Cynane’s ambition and desire for power became evident when she attempted to secure the Macedonian throne for her daughter. She proposed a marriage alliance between Adea and her half-brother’s son, Alexander IV, but her plans were met with fierce resistance from the Macedonian nobles. Ultimately, Cynane’s political aspirations were thwarted, and she was assassinated, in 323 BC, shortly after her half-brother Alexander’s death.
Although her life was cut short, Cynane’s legacy as a fierce and capable military leader and her attempts to secure power for her family mark her as a notable figure in ancient Macedonian-Greek history. Her story reflects the complex dynamics of power, ambition, and gender roles in the ancient world.
Historian Peter Delev makes a powerful case for Cynane as one of the intended occupants of the Amphipolis Tomb, claiming that, as a high-standing member of the royal family and a daughter of Philip II, she was “greatly revered by the Macedonians,” and would have been afforded due respect and an appropriate funerary monument.
Her daughter, Adea, went on to marry Philip III of Macedon, changing her name to Eurydice. As queen, she would have had the power and the means to commission the construction of the Amphipolis Tomb. As such, she may have arranged for the internment of the cremated remains of her mother, Cynane, along with her grandmother, Audata, who was around 60 years old when she died, matching the skeletal remains of the elderly woman in the cist grave.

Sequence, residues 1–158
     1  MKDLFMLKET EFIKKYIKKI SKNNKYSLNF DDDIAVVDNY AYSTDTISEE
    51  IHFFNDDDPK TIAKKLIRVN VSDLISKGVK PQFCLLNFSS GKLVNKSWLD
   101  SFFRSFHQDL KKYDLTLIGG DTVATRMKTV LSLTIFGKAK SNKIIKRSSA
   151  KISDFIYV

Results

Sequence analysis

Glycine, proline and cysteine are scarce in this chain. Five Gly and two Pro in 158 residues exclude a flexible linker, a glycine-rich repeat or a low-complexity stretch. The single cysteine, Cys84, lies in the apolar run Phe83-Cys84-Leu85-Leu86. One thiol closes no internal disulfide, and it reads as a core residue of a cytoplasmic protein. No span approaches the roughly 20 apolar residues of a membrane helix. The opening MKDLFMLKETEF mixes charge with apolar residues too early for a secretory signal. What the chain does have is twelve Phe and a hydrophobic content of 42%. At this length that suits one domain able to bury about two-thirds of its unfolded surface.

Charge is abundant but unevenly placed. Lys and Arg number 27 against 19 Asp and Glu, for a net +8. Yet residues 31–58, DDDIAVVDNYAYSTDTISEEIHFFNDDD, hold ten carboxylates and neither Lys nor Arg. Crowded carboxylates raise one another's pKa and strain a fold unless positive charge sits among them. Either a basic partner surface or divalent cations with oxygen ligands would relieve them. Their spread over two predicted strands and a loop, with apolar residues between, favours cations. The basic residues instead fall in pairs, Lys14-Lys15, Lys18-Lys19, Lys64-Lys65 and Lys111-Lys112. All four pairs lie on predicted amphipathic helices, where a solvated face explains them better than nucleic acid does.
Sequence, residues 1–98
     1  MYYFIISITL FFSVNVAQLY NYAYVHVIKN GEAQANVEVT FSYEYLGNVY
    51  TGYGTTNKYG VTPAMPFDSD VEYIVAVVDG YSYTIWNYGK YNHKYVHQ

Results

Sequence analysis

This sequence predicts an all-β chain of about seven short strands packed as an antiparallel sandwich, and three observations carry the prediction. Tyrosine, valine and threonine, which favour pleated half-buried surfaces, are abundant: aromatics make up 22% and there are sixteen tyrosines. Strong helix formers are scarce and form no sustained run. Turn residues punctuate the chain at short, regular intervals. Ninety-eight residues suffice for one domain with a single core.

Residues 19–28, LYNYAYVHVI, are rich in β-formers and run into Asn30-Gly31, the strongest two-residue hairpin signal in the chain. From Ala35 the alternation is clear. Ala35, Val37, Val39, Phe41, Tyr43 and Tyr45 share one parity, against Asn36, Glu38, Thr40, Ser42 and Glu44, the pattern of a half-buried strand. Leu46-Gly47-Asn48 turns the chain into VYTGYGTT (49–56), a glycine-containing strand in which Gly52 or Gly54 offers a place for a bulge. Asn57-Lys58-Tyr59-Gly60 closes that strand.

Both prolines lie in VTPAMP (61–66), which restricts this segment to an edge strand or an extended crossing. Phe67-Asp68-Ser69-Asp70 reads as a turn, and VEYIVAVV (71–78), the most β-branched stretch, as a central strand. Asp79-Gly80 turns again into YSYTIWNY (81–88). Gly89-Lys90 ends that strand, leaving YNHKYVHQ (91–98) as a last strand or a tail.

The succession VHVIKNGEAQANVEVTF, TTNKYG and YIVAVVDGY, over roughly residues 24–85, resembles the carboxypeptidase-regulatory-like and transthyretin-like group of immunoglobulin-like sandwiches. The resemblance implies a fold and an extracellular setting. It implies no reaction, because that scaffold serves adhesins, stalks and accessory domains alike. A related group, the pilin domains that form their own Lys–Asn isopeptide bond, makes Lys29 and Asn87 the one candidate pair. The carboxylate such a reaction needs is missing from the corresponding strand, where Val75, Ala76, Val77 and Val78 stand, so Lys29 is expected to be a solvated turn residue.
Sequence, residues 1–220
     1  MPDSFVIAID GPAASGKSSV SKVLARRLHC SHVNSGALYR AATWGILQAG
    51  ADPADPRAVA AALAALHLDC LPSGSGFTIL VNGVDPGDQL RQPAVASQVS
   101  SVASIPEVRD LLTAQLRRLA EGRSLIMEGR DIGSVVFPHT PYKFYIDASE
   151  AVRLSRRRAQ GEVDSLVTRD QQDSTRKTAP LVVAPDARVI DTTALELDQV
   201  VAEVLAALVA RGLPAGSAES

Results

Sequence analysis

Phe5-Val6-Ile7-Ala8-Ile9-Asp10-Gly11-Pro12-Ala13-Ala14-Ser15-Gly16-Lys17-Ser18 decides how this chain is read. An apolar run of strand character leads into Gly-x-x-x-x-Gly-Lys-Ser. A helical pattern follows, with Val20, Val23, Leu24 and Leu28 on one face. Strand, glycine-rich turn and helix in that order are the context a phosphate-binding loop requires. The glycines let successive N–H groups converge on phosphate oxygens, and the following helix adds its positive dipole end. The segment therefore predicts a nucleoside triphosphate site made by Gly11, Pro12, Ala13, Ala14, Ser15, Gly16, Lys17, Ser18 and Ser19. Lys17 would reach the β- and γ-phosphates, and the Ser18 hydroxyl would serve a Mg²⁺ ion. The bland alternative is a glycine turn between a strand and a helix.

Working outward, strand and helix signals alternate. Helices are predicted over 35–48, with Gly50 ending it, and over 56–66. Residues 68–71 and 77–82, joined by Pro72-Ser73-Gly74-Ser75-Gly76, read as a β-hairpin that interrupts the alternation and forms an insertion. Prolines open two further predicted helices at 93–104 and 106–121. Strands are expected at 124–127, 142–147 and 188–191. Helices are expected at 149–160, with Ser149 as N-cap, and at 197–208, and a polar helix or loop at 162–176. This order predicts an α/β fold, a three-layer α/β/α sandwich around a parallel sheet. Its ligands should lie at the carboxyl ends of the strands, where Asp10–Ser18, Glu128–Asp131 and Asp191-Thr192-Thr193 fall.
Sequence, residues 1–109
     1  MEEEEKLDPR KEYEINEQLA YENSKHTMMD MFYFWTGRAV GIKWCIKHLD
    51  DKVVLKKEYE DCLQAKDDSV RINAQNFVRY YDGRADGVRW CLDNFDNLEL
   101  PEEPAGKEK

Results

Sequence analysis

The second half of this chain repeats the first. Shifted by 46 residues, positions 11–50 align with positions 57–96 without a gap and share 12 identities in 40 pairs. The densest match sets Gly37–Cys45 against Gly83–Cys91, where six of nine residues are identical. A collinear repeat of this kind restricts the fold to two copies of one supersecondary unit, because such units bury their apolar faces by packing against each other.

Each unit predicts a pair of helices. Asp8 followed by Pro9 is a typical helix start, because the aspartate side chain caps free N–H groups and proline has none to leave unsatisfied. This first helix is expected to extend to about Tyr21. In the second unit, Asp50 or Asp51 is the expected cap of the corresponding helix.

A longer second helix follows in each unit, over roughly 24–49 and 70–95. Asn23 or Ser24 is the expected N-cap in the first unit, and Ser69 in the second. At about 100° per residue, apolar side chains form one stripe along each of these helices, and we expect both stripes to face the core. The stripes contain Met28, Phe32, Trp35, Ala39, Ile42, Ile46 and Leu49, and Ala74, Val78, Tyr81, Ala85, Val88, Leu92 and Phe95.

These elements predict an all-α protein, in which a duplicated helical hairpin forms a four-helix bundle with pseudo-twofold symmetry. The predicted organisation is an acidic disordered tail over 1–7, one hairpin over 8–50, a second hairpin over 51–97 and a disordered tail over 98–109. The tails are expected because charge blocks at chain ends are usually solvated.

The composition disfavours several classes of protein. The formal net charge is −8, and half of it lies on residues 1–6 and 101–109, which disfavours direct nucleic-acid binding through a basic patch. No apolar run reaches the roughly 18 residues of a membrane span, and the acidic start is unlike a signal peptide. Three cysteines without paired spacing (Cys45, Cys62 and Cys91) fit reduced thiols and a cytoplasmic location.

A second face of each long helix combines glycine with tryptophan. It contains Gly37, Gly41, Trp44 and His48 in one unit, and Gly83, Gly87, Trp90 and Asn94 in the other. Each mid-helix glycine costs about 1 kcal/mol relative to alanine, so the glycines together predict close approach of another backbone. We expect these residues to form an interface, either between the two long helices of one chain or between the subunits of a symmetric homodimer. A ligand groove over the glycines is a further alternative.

Another interesting twist is the fact that the fragmentary remains of the younger man in the tomb may belong to Cynane’s husband, Amyntas, who was killed and buried after the accession of Alexander, and would have been around 30 years of age at the time of his death.
A tomb fit for a queen?
Not only does the sheer size and grandeur of the Amphipolis Tomb stand as a lasting testament to the advanced architectural and artistic achievements of the ancient Macedonian-Greeks, it offers a tantalizing glimpse into the political intrigues of the time.
It is highly likely that the decoration of a 4th century BC Macedonian tomb, in this case depicting strong female iconography – the sphinxes, the Caryatids, and the mosaic of Persephone with flame-like red-gold hair – would be directly associated with its occupant. Intriguingly, Persephone’s reddish-blond hair color in the mosaic was famously associated with the Epirote Molossian dynasty of Olympias; its mythical founder, Neoptolemus (“New Warrior”), being named “Phyrrhus” (meaning flame-red in Greek) at birth. Indeed, the Roman historian Claudius Aelianus, writing in the early 3rd century AD, recorded Alexander’s own hair color as follows: “They say that Alexander, the son of Philip, was naturally handsome: his hair was swept upwards and was golden-red in colour.” (Aelian, Varia Historia 12.14). Could the iconography point to Olympias as the intended occupant of the cist grave?
As ongoing research and excavation continue, the tomb promises to unravel more secrets and deepen our understanding of this fascinating period in ancient history.
After reviewing some of the main contenders, who do you think was buried in the Amphipolis Tomb?